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Pain management isn’t just important because of the role it plays in keeping people out of hospitals and off medications; it’s important because it plays an important role in their quality of life. In fact, quality of life is one of the biggest reasons that healthcare professionals advocate for effective pain management, so patients can stay active and enjoy the things they love while they heal. Thankfully, it’s pretty easy to find treatments by using Google to find the best pain management clinic Toronto, nonetheless, it is important to educate oneself on the importance of pain management. Here are some more reasons why pain management is important to your overall health and well-being.

Why pain management is important

What Exactly Is Chronic Pain?

Many Americans suffer from chronic pain, a condition where patients have persistent and long-term discomfort. The National Institutes of Health (NIH) estimates that as many as 100 million Americans are affected by chronic pain. Unfortunately, there are no definitive tests to diagnose chronic pain and most health care providers lack training in diagnosing and treating it. And while prescription drugs can provide some relief for certain types of chronic pain, they can also cause serious side effects and lead to drug dependence or abuse.

Effects on Physical Health

Because chronic pain can be exhausting, it can take a toll on your physical health. People in constant pain often have trouble sleeping and many also suffer from depression, which affects their mood and mental well-being. If you’re suffering from chronic pain, see your doctor to get treatment—and remember that it’s OK to ask for medications that help reduce your discomfort. Many people fear taking prescription pain meds because they think they may become addicted; but if you have medical supervision (and regular checkups), addiction isn’t usually an issue. In fact, one study found that people who regularly take opioids for noncancer related chronic pain are at a low risk of addiction compared with those who receive other types of medication or no treatment at all.

Effects on Emotional Health

Mental health plays a huge role in determining how chronic pain impacts your day-to-day life. Research shows that stress and anxiety make pain significantly worse, while positive emotions or spirituality can help with pain tolerance. Being aware of your emotional well-being and setting aside time to relax and feel good are crucial components to managing chronic pain long term. Always remember: it’s okay to ask for help. All kinds of people (therapists, support groups, counsellors) exist who can help you manage your mental health when it comes to chronic pain, so don’t hesitate to reach out if you need it. Medication isn’t always necessary—it just depends on how severe your symptoms are.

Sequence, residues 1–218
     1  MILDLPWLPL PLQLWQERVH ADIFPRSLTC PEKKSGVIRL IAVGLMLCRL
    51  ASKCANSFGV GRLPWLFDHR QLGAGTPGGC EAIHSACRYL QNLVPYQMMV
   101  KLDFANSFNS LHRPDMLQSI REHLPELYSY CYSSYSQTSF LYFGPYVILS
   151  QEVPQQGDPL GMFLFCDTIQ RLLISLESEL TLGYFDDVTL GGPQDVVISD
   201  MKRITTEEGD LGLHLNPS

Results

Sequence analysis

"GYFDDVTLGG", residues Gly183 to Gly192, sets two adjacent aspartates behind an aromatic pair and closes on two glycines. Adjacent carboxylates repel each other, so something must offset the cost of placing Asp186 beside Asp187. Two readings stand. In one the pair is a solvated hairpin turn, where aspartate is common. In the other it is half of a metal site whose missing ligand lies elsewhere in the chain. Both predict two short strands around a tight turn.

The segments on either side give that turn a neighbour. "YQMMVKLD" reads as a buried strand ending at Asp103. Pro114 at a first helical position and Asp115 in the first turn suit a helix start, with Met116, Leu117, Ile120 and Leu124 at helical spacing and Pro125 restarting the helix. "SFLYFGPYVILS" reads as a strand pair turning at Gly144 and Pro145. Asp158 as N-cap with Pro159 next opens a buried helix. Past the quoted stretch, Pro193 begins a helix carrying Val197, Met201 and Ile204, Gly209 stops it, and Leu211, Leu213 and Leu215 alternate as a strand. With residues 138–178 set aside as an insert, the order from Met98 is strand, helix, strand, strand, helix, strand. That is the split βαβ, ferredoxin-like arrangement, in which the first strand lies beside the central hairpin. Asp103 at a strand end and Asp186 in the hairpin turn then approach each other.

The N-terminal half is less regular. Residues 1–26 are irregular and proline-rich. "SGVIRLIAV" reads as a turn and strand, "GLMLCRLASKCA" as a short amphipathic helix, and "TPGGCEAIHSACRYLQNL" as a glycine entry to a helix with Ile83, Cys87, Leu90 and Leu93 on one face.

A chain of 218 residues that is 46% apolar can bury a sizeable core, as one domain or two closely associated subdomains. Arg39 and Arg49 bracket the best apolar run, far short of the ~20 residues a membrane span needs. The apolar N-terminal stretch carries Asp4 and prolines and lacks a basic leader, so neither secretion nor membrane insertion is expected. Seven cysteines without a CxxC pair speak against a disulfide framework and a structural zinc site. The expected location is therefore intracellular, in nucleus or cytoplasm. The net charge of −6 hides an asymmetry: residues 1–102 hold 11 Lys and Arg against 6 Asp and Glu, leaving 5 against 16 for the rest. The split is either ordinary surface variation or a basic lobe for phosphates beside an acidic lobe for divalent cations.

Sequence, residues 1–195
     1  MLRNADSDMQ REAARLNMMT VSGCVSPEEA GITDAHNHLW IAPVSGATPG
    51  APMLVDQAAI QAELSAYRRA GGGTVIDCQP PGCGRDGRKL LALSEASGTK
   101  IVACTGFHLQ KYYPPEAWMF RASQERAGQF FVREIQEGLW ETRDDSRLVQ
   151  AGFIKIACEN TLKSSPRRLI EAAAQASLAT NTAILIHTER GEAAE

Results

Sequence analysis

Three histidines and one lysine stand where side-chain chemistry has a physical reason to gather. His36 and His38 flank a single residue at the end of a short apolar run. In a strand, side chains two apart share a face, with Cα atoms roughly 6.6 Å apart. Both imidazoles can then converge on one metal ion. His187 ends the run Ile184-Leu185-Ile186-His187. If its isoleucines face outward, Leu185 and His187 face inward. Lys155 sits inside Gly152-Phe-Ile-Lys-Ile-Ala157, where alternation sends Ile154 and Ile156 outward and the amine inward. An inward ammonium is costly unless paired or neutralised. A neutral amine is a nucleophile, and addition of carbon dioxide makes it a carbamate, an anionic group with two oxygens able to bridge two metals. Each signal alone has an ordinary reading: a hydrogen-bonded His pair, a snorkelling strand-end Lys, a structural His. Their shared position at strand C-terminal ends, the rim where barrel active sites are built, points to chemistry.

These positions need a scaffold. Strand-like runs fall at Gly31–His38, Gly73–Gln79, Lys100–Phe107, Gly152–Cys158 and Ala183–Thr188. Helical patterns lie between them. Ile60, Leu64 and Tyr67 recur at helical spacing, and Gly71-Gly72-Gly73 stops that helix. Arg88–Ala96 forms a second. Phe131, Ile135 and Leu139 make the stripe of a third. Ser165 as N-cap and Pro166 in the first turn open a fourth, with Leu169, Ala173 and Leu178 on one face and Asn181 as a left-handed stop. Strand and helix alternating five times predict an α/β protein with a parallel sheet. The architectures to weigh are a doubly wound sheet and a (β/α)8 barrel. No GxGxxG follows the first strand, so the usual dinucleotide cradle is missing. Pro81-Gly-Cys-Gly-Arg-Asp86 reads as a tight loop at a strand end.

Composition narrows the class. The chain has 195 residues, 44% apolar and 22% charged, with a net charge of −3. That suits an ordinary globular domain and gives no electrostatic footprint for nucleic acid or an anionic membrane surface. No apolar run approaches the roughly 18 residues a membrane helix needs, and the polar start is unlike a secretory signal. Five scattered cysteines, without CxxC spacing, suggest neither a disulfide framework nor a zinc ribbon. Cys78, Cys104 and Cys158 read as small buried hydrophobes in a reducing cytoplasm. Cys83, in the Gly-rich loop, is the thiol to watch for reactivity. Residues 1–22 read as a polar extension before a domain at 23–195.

Effects on Relationship Dynamics

One of the most overlooked effects of chronic pain is its impact on a person’s relationships. The quality and stability of all relationships are affected, including those with family, friends, and romantic partners. And while these dynamics may be challenging at times, they do not mean that you have to suffer alone; however, if you feel like pain is destroying your life or relationships it’s important to seek professional help before things get worse. Developing a strategy for how you will communicate and handle conflicts with those close to you can be an important factor in managing your emotional health during periods of chronic pain. Also be aware that oftentimes when partners show empathy toward their loved one it increases their ability to cope more effectively with their own distress; hopefully improving communications between all parties involved.

How To Treat Chronic Pain Effectively

Treating chronic pain can be a challenge for patients and physicians. Achieving chronic pain management goals can help prevent worsening of chronic pain, improve patient functioning, and reduce health care costs associated with treating chronic pain. Treatment of chronic pain should incorporate approaches that are effective in improving outcomes as well as individualising treatment to meet patient needs and preferences. An important part of therapy involves education on how to manage stress, improve sleep hygiene, learn active coping strategies (i.e., physical activity), and become self-reliant by focusing on tasks of daily living (activities of daily living or ADLs). Although medications are an important part of therapy to treat opioid addiction and dependence, strategies such as cognitive behavioural therapy (CBT) provide additional support in managing painful symptoms associated with withdrawal.

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